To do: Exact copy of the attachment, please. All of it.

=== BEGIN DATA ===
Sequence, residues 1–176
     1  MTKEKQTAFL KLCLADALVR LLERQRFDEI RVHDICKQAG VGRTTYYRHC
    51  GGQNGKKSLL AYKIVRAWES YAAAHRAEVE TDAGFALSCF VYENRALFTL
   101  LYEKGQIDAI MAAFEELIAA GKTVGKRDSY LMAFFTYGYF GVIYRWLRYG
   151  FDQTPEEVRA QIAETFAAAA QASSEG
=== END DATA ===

Sequence, residues 1–176
     1  MTKEKQTAFL KLCLADALVR LLERQRFDEI RVHDICKQAG VGRTTYYRHC
    51  GGQNGKKSLL AYKIVRAWES YAAAHRAEVE TDAGFALSCF VYENRALFTL
   101  LYEKGQIDAI MAAFEELIAA GKTVGKRDSY LMAFFTYGYF GVIYRWLRYG
   151  FDQTPEEVRA QIAETFAAAA QASSEG